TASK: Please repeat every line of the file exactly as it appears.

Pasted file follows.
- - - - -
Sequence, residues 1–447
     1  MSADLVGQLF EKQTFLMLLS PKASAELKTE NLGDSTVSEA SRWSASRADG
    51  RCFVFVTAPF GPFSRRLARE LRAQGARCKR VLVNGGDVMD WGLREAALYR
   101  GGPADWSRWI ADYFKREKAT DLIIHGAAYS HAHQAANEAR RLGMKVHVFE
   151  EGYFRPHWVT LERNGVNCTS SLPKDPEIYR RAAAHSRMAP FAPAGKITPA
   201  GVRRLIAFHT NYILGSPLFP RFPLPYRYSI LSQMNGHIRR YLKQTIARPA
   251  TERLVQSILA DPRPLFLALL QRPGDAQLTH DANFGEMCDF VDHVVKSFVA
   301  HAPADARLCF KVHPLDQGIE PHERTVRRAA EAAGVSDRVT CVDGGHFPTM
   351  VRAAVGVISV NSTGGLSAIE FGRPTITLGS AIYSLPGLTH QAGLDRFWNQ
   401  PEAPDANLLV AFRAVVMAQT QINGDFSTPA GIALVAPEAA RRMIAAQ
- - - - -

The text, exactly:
Sequence, residues 1–447
     1  MSADLVGQLF EKQTFLMLLS PKASAELKTE NLGDSTVSEA SRWSASRADG
    51  RCFVFVTAPF GPFSRRLARE LRAQGARCKR VLVNGGDVMD WGLREAALYR
   101  GGPADWSRWI ADYFKREKAT DLIIHGAAYS HAHQAANEAR RLGMKVHVFE
   151  EGYFRPHWVT LERNGVNCTS SLPKDPEIYR RAAAHSRMAP FAPAGKITPA
   201  GVRRLIAFHT NYILGSPLFP RFPLPYRYSI LSQMNGHIRR YLKQTIARPA
   251  TERLVQSILA DPRPLFLALL QRPGDAQLTH DANFGEMCDF VDHVVKSFVA
   301  HAPADARLCF KVHPLDQGIE PHERTVRRAA EAAGVSDRVT CVDGGHFPTM
   351  VRAAVGVISV NSTGGLSAIE FGRPTITLGS AIYSLPGLTH QAGLDRFWNQ
   401  PEAPDANLLV AFRAVVMAQT QINGDFSTPA GIALVAPEAA RRMIAAQ